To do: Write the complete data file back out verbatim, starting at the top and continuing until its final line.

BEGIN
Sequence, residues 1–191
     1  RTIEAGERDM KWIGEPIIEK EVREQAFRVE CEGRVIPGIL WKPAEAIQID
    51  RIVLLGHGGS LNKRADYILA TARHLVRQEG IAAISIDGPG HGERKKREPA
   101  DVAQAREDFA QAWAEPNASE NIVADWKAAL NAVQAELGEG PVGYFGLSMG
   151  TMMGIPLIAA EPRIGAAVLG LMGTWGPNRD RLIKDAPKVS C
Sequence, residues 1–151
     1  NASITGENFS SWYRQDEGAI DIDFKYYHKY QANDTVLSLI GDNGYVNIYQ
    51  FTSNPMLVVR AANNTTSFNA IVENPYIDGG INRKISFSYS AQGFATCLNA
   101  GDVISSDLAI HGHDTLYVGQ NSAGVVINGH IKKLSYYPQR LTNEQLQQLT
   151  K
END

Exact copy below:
Sequence, residues 1–191
     1  RTIEAGERDM KWIGEPIIEK EVREQAFRVE CEGRVIPGIL WKPAEAIQID
    51  RIVLLGHGGS LNKRADYILA TARHLVRQEG IAAISIDGPG HGERKKREPA
   101  DVAQAREDFA QAWAEPNASE NIVADWKAAL NAVQAELGEG PVGYFGLSMG
   151  TMMGIPLIAA EPRIGAAVLG LMGTWGPNRD RLIKDAPKVS C
Sequence, residues 1–151
     1  NASITGENFS SWYRQDEGAI DIDFKYYHKY QANDTVLSLI GDNGYVNIYQ
    51  FTSNPMLVVR AANNTTSFNA IVENPYIDGG INRKISFSYS AQGFATCLNA
   101  GDVISSDLAI HGHDTLYVGQ NSAGVVINGH IKKLSYYPQR LTNEQLQQLT
   151  K